A Blip

During my interview 14 months ago with Let’s Talk Live, I mentioned that cancer would be “a blip” in my life. By “blip,” I meant that there was a clear beginning, middle and end. I would beat it, and then I would be done. I wish I could be so blissfully ignorant now.

After I was diagnosed with cancer in June 2010, I didn’t start treatment for three months. My breast surgeon was on vacation the week I was diagnosed. I needed three weeks to get an MRI and receive four more breast biopsies. Then, I had my lumpectomy and another surgery to remove just the right amount of clean breast tissue. And, then, we waited for a lab in California to return with the results about what type of breast cancer I had. When the results came in, they differed from the results from a lab in Maryland so another test was run.

The waiting was annoying, but I had one of the best summers that year. My life consisted of boys, blogging, breast biopsies, minor surgeries, and bopping around between charity and social events. That summer was so wonderfully vapid!

In the summer of 2010, I would have easily responded to you with a list of loved ones who would be there for me if I needed chemotherapy. I never imagined that some of my closest friends wouldn’t be there for me. Those people are not among my close friends anymore. Either you are in or you are out when it comes to being there for those you love. I wish I didn’t know at such an early age who would be there for me when the chips are down.

In the past two weeks, I’ve encountered several people who I apparently met earlier this year, yet I have no memory of meeting. I’ve also heard three stories from friends about events that transpired during treatment of which I have no recollection. I appreciate that I was given medicines that can cause temporary amnesia, but I still find that disconcerting!

My doctors regard the success of my treatment based on how long I go without my cancer returning. Decades are obviously better than years, and years are better than months. If my cancer returns within five years, my oncologist would talk about odds and the difficulties of being diagnosed at a young age with an aggressive type of cancer. He might even mention my family history of cancer or my own unique health history. He wouldn’t understand my perspective.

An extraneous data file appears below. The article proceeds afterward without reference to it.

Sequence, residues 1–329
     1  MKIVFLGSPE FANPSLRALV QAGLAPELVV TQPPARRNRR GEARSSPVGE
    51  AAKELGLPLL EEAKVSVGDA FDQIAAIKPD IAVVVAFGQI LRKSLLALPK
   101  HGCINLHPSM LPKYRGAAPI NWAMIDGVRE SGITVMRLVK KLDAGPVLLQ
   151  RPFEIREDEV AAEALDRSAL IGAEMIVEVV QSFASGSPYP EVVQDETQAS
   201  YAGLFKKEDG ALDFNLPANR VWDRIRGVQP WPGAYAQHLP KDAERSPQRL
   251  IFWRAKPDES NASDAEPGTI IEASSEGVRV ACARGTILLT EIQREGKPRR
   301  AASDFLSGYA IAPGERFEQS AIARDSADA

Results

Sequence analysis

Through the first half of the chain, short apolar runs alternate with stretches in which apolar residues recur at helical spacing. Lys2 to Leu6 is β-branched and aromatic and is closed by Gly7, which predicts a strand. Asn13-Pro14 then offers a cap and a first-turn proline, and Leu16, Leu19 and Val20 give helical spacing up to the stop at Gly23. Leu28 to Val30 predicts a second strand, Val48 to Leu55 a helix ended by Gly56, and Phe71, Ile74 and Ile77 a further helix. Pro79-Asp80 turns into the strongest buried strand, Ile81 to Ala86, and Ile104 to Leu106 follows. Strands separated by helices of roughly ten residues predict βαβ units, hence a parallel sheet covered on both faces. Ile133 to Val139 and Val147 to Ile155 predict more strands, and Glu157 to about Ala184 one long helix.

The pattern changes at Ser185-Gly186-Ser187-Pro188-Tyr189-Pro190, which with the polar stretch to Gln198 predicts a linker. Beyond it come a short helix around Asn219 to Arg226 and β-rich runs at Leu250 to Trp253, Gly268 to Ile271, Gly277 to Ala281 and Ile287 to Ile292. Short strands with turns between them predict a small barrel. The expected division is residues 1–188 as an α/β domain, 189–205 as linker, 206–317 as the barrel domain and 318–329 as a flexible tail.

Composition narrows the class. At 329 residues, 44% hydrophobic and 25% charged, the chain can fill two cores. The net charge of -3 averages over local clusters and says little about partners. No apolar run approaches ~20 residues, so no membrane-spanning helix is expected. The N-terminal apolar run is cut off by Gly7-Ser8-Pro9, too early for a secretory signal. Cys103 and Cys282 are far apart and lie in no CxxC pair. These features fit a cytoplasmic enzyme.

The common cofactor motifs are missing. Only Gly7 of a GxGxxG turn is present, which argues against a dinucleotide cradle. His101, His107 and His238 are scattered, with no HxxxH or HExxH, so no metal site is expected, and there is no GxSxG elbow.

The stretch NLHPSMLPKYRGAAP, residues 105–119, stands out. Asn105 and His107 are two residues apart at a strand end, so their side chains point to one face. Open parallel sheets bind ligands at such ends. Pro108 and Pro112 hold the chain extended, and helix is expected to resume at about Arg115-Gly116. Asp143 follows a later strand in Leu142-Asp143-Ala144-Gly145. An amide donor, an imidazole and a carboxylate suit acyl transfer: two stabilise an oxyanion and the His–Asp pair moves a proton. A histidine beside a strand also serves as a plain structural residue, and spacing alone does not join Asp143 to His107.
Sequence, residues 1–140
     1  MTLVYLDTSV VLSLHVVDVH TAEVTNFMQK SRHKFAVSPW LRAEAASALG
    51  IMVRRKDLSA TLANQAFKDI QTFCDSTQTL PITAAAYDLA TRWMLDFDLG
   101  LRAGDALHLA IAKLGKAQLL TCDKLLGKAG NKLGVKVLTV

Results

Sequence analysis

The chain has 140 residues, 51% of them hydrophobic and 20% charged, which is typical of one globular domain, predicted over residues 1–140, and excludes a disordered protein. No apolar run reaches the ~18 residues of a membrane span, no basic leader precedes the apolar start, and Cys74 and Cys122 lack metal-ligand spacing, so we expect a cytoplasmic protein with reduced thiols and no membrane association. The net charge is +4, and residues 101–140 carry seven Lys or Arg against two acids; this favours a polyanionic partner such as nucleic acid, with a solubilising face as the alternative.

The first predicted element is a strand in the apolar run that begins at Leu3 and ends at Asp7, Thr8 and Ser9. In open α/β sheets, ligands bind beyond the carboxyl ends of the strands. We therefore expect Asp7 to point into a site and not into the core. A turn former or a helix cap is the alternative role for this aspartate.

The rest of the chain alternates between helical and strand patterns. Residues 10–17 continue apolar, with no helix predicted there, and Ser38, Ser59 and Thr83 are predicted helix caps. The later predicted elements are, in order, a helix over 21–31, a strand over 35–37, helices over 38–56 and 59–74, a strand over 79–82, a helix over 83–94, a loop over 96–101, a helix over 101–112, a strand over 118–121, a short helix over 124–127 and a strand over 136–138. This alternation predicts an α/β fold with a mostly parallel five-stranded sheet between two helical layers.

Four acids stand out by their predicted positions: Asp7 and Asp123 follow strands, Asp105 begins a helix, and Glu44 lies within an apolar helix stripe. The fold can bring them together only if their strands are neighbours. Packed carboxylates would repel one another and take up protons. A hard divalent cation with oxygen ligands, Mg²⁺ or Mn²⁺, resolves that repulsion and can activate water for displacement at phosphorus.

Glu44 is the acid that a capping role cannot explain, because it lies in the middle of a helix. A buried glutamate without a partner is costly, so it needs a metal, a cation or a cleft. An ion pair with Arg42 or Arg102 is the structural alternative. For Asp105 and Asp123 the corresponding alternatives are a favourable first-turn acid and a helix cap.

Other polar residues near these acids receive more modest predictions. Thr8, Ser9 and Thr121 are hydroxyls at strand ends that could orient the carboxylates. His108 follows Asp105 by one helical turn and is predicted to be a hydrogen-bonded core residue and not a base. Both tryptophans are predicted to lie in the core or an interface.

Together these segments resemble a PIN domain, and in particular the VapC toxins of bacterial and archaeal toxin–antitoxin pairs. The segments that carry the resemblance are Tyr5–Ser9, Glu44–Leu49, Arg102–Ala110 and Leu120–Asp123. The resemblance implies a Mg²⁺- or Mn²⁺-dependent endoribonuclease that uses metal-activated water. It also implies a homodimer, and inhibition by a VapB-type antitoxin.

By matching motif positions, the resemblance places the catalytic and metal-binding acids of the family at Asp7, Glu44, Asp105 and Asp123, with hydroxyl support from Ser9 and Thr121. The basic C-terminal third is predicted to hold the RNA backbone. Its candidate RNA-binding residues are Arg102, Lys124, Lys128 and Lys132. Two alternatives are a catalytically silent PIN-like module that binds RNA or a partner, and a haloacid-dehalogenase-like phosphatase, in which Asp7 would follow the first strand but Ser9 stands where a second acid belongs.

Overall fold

If my cancer returns in the next few years, I would not feel as though my treatment was worth it.

If my cancer returns next year, I would not do chemotherapy again. Period. I believe that life is meant to be treasured and that we need to respect our bodies. But, life is also meant to be lived! I required three or four days of IVs for every day of chemotherapy. To me, that does not consitute living life to the fullest.

I trust that God has a plan for me. That doesn’t mean that I need to like every stage of this journey, though. In the meantime, I'll try my best to keep my tears and frustrations to a minimum. I'll try to focus on how all the blessings in my life and trust that all of the treatment worked. But, that doesn't mean that a day goes by in which I don't miss my long hair, my old body and how carefree I was before treatment started.

I hope and pray for the day in 2016 in which I'm so much wiser than I was when I was diagnosed, but with the same amazing hair flip!


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